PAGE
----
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Digital Tools of the Trade: The Social Media Fourum

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Middle East Media Educator Volume 1 Issue 1 Middle East Media Educator Article Digital Tools of the Trade: The Social Media Fourum Phil Ryan Four Communications Follow this and additional works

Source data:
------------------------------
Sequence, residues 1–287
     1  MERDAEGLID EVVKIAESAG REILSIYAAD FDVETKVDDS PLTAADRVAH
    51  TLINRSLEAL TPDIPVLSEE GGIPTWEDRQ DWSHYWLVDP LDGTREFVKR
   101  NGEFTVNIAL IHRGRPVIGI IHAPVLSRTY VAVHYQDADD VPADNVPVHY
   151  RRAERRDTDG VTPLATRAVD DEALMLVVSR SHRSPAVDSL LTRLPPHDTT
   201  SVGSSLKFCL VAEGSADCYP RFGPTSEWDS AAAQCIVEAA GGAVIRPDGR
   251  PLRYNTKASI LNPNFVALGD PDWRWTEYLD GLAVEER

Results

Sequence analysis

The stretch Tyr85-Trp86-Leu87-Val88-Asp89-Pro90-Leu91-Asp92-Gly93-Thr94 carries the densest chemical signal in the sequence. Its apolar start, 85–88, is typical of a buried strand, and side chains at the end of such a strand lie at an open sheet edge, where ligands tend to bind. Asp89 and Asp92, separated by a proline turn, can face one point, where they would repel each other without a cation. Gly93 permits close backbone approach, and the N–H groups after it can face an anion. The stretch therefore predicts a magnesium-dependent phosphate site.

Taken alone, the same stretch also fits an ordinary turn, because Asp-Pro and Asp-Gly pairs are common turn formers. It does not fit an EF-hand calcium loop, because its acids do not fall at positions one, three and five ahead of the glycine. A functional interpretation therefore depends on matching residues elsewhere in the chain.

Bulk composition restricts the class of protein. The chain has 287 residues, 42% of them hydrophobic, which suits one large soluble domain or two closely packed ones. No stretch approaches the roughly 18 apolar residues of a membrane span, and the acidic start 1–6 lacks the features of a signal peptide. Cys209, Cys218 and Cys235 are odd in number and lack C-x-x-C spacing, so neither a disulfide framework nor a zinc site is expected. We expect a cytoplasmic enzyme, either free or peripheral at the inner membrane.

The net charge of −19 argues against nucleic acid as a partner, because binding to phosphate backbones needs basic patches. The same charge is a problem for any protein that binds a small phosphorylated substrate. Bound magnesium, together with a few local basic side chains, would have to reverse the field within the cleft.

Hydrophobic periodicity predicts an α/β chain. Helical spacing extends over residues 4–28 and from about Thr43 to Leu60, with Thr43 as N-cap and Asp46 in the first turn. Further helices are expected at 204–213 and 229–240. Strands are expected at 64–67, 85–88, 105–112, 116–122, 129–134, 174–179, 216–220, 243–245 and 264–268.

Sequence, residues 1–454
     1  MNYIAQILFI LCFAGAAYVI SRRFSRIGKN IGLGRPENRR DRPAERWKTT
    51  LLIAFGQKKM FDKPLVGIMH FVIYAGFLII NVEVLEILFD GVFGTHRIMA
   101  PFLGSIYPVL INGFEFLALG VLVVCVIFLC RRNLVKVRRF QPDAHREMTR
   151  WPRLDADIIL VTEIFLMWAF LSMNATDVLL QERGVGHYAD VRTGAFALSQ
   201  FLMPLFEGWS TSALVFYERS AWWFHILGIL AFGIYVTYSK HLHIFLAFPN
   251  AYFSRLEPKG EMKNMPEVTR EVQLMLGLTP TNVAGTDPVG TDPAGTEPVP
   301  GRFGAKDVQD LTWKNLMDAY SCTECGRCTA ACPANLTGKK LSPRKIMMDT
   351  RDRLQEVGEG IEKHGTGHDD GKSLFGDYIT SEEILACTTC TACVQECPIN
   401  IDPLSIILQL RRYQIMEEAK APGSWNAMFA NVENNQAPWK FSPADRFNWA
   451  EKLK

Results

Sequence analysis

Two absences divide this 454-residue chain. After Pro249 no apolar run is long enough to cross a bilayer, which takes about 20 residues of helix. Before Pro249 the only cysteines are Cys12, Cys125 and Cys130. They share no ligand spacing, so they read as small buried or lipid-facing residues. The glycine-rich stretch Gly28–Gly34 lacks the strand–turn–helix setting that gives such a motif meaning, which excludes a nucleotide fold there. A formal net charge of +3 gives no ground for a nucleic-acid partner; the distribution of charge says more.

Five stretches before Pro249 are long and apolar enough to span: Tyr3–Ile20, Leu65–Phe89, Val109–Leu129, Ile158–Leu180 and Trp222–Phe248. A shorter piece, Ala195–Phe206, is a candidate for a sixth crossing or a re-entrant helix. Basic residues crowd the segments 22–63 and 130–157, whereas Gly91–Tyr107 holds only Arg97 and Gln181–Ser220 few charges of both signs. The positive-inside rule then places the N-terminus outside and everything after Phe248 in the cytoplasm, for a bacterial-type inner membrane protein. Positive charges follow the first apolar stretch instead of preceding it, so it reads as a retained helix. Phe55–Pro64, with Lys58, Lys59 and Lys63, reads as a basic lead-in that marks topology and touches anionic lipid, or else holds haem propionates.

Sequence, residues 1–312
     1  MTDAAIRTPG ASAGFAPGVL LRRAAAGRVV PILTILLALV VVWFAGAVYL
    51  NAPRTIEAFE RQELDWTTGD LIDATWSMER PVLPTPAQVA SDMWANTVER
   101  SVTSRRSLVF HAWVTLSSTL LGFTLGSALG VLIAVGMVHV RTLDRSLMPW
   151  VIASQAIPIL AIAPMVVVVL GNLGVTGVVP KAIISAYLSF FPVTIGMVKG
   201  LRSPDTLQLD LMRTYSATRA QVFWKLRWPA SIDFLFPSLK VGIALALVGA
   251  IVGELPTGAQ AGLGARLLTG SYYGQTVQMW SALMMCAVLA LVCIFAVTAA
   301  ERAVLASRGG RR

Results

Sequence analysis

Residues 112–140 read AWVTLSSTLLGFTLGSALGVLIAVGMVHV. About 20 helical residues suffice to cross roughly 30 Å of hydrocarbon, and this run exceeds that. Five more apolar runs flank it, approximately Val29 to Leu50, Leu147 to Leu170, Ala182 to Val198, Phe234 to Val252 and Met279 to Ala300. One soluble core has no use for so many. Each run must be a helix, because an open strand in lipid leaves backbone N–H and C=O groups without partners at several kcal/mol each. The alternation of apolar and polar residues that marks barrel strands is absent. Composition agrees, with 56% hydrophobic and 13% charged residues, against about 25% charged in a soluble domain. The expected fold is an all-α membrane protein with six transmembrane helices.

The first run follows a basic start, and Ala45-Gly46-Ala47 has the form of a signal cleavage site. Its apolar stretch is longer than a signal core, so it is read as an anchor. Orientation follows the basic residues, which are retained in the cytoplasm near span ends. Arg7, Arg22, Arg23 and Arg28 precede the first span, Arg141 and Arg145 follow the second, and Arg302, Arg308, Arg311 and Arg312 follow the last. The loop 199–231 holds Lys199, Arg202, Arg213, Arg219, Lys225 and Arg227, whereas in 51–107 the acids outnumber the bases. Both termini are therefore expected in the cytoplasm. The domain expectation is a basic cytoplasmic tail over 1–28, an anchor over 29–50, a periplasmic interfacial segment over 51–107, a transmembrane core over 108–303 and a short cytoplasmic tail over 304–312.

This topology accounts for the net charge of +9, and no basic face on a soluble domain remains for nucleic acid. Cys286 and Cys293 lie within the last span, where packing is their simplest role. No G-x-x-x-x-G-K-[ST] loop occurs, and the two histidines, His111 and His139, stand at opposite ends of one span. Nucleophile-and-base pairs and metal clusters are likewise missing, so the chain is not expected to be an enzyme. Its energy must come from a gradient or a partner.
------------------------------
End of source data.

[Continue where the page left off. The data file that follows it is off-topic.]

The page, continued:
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Middle East Media Educator Volume 1 Issue 1 Middle East Media Educator Article Digital Tools of the Trade: The Social Media Fourum Phil Ryan Four Communications Follow this and additional works at: Recommended Citation Ryan, Phil, Digital Tools of the Trade: The Social Media Fourum, Middle East Media Educator, 1(1), 2011, Available at:http://ro.uow.edu.au/meme/vol1/iss1/9 Research Online is the open access institutional repository for the University of Wollongong. For further information contact the UOW Library: Digital Tools of the Trade: The Social Media Fourum Abstract As one of the world s fastest-growing regional economies, and one which is making enormous investments in its telecommunications infrastructure, the Middle East s vast potential as the next hotspot of online growth is well recognised. With marketers around the world increasingly keen to make use of social media it is perhaps surprising that the Middle East (and specifically the GCC) has yet to see some of the innovations, and there is a less active social media scene than international spectators might normally expect. The Middle East s social media ecosystem is certainly growing. To take only the social network with the most readily available data, Facebook, we see recent estimates of month-on-month growth of anything up to 48 per cent for countries in the GCC and North Africa (Inside Facebook, 2011). Whatever the real picture is behind this perceived trend, it is notable that according to some sources Qatar and the UAE now have a higher nominal Facebook penetration than countries like the United Kingdom and New Zealand (www.socialbakers, 2011). This journal article is available in Middle East Media Educator: 48 Middle East Media Educator Digital Tools of the Trade: The Social Media Fourum By Phil Ryan Four Communications As one of the world s fastest-growing regional economies, and one which is making enormous investments in its telecommunications infrastructure, the Middle East s vast potential as the next hotspot of online growth is well recognised. With marketers around the world increasingly keen to make use of social media it is perhaps surprising that the Middle East (and specifically the GCC) has yet to see some of the innovations, and there is a less active social media scene than international spectators might normally expect. The Middle East s social media ecosystem is certainly growing. To take only the social network with the most readily available data, Facebook, we see recent estimates of month-on-month growth of anything up to 48 per cent for countries in the GCC and North Africa (Inside Facebook, 2011). Whatever the real picture is behind this perceived trend, it is notable that according to some sources Qatar and the UAE now have a higher nominal Facebook penetration than countries like the United Kingdom and New Zealand (www.socialbakers, 2011). Despite this, marketers in the region are, by their own admission, lagging behind other developed and emerging markets in using social media to fulfill real business objectives. In their recent analysis of this issue, Econsultancy concluded A lack of understanding about online marketing is holding back a significant proportion of companies, as is the general shortage of case studies that are specific to the Middle East (http://econsultancy, 2011). A number of theories can help explain why the region has been relatively slower to react: cultural and linguistic differences amongst audiences, a lack of training and expertise, or simply a reduced need to adopt new techniques due to a less competitive marketing landscape. Whatever the case, 2011 marks a change in the wind of social media adoption among marketers in the Middle East. The same report goes on, for example, to suggest that 58 per cent of companies are increasing their digital marketing budget in Adoption of new platforms with 340 million smart phone users predicted in the MENA region by 2020 (Mazen Nahawi, 2011) - will no doubt drive this trend faster perhaps than many observers expect. Obstacles Part of the challenge for marketers looking to play a part in this trend is identifying which of the accepted global best practices is suitable for implementation in the region. As with any new trend, a tendency to identify and replicate the success of prominent international case studies could prove too tempting a technique for the region s marketers. But replicating successful campaigns for a different audience is at best an unreliable technique. Where cultural specificities and language barriers do not limit success, a campaign that works once on the basis of its innovation and novelty is subject to the law of diminishing returns. Instead, the most successful marketers will approach the problem by building solid foundations to overcome two specific obstacles: a lack of compelling content for immediate use and a requirement to prove success and demonstrate value to internal stakeholders. Case Study: The Social Media Fourum This approach is best demonstrated via a case study which shows how a mixture of traditional techniques and technological innovation can be used to provide a foundation for social media Digital Tools of the Trade: The Social Media Fourum 49 activity. Four Communications, an independent communications agency with Abu Dhabi, Dubai, and Oman operations, created its Fourum, a platform for publishing and distributing social media releases, for English and Arabic audiences. Social media releases (SMRs) are press releases that have been optimised for online distribution and sit on a statically linkable platform so they are easily accessible via direct link and search. A format broadly following the structure of a traditional press release is marked-up to include hyperlinks to external content that give the information in the release a wider context (i.e. the company website or spokesperson s biography) and any rich content, such as video, podcasts and images, is available to view and download alongside the copy (see Figure 1). With Four s solution, a maximum of six images, six video clips (which are fed through via a video platform such as YouTube) and six podcasts are available, meaning that the journalists can pick and choose the elements that best support the story they want to tell. A comments box, sharing options and tagging mean that the press release is accessible outside of the typically closed-media audience and allows for two-way engagement, increasing brand amplification and interaction. Comments go through an approval process ensuring that no comments will be published without permission. The platform s dual-language capability makes it unusual if not unique in the region. But it is crucial in a region where native social media users increasingly post and comment in both languages. Ray Eglington, Managing Director International comments on this trend: successful communication is much easier when you are speaking the right language. The inclusion of an Arabic capability within Fourum means our clients are able to interact on equal terms with an audience now used to switching between English and Arabic across online communities from Twitter and Facebook to the wider world of blogs and collaborative encyclopedias. Figure 1: Social media release 50 Middle East Media Educator Such a platform is based around the concept that giving journalists and bloggers easier, direct access to the content they want in a usable format (whether that is a technical video format or simply text in their mother tongue) thus increases the chances of engagement and media-pick up. Because it provides an easily-accessible online hub of all the collateral associated with a press release (including the release itself), this saves the lengthy back-and-forth between PRs and journalists for content and can be found and shared by people that might not be on an original distribution list, such as bloggers and influencers. Online journalism is an immediate medium and so a product that saves time and provides all content in one link means that deadlines are not missed and coverage can be achieved, with relationships still successfully intact. Passenger Shipping Association While results from Middle Eastern campaigns are not yet available as this article goes to print, the potential for the social media releases paradigm is clear. One case study in tourism - an industry favored in particular by Gulf markets demonstrates this potential. The Passenger Shipping Association (PSA) represents the cruising industry with 42 member cruise lines. In May 2010 the Passenger Shipping Association held the annual cruise review event in which they released the latest figures from the cruise industry illustrated by a video (created by Four s in-house digital team) and looked ahead to upcoming developments in the sector. To PR the event and industry insight, the PSA team at Four Communications issued a figuresbased social media release to media alongside rich video and image content using Fourum. The social media release went live and the link was issued to media on the 18th May 2010 and immediately saw a peak of 118 visits, which was followed by 96 visits on the 19th and 51 visits on the 20th (Figure 2); a total of 265 visits over three days and 243 video views. Indeed, direct traffic from journalist click-throughs accounted for 89.67% of all visits, with a further 6.67% from referring sources and 3.68% from search engines (Figure 3), demonstrating that the social media release is an attractive package for journalists to receive and captured their interest. The average time spent viewing the release was 1.14 minutes and the bounce rate was low, at 36% meaning journalists read and absorbed content. Figure 2: Traffic source May 16 22, 2010 Digital Tools of the Trade: The Social Media Fourum 51 Figure 3: Visits May 16-22, 2010 As Figures 2 and 3 demonstrate, Fourum has achieved results in terms of increasing the number of journalists who are accessing client stories and content, but this, of course, must translate into coverage in order for the PR sector to prove the product s value to clients. The cruise review release achieved 13 pieces of national and regional coverage. As Eglington states, most importantly it is about delivering hard measurable results. A recent social media release for our international launch client, Exodus, for example, received hundreds of page views with an average time on site in excess of two and a half minutes which shows the strength of the rich content. The Business Context If this case study demonstrates the potential for the development of robust social media platforms in the Middle East, it also emphasizes above all else the requirement to fulfill business and media objectives. To do this, social media releases have two additional requirements: that they fit within a wider strategy encompassing online and offline elements, and that they relate to persistent monitoring and strong ROI objectives. Integrated Strategy A joined-up strategy is key. All online elements should permeate offline activity and vice versa and should integrate seamlessly as an entire campaign. For example, an offline launch event should be hyped on owned social channels beforehand with live blogging, tweeting and checking-in at the event and photos, videos and summaries posted up on social accounts afterwards, alongside coverage in offline and online media which is then shared through social media and social bookmarking. In terms of a wider social strategy that social media releases form a part of, it is important to keep a number of elements in mind, including content, social media management and engagement, buzz monitoring, online PR and blogger relations, SEO, online marketing and online and social advertising. Social strategy should follow a focused, tailored approach to ensure that the brand can engage with its audience in relevant places and foster a loyal community which will convert to brandambassadorship. The strength of social media is allowing brands two-way engagement directly with their audience, which, of course, requires procedures in place to deal with any queries or issues that arise in an effective and timely manner. Brand horror stories of miscommunication or poor management replicate themselves online and with such transparency and immediacy, it is vital that any approach is considered and backed by experienced professionals and common sense. 52 Middle East Media Educator Management and moderation of owned communities is a time-intensive process but there are numerous paid for and free tools, such as Hootsuite and Tweetdeck, to help manage the process. Similarly, providing quality, engaging, relevant content to accompany PR opportunities and as a sticky, engaging asset on a website, microsite or application is extremely important in online strategy. Of course, a brand might have actionable insights, a strong methodology, robust tools, a loyal, engaged community on social channels and a plethora of high-quality content alongside social media releases, but there is still an important need to match this with conversations with media, either over the phone, or a coffee. Human relationships are integral to PR, it s just that now we have more ways to create and sustain them. Reporting and ROI Social media activity is often an investment, but its low cost means it traditionally delivers results relatively soon after implementation. A social media campaign should enhance what a brand already has and, where possible, have a call-to-action that allows it to deliver tangible ROI. Four, for example, uses a mix of automated buzz monitoring tools and manual analysis to assess the impact of social media, largely across the twin metrics of impact (percentage of relevant audience directly or indirectly influenced by activity) and engagement (extent to which these audiences are influenced). The automated tool analyzes online conversation for any search term (or multiple search terms) with a database going back to It is invaluable to produce buzz monitoring reports to assess the current online landscape for a client or industry ahead of campaigns, to evaluate campaigns by comparing buzz before and after activity, for competitor analysis, for ongoing reputation management and, of course, for any crisis communications. Manual analysis then takes over to extract actionable insights: trends, areas of specific interest, keywords, search performance, platform performance, sentiment, who the key influencers are talking about a brand, with whom they share information, the spread of discussion across different online media outlets e.g. microblogs, forums, blogs, the countries and languages discussing your search term(s) and the passion of posts. Low barriers to entry, the immediacy of social media and the of the moment element of digital and online marketing means there is a tendency for some companies to fail to understand what their digital activity will actually deliver. By framing online work around existing analysis, a strong call to action within created collateral and a focus on demonstrating clear results and a return on investment, marketers can create a compelling internal case and a high quality strategy at the same time. Where next? The Middle East has no lack of commentators calling for their vision of the region s future. But our analysis is that, if the region is to develop its own identity, it must have the confidence to adopt or creative native language services which fulfill a genuine business or consumer need within the region itself. Marketers and media can help build this structure by developing services with the needs of the region in mind, and resisting the urge to assume identical patterns of use will develop here as in social media s more mature markets. Part of this is to modify or create robust tools and techniques with MENA-specific features, building on the foundations of existing global work while still remaining flexible to the demands of the region. Digital Tools of the Trade: The Social Media Fourum 53 References retrieved April 2011 Inside Facebook Gold report, March source=if&utm_medium=text&utm_term=report&utm_content=editorial-regionanalysis&utm_ campaign=ifg retrieved April 2011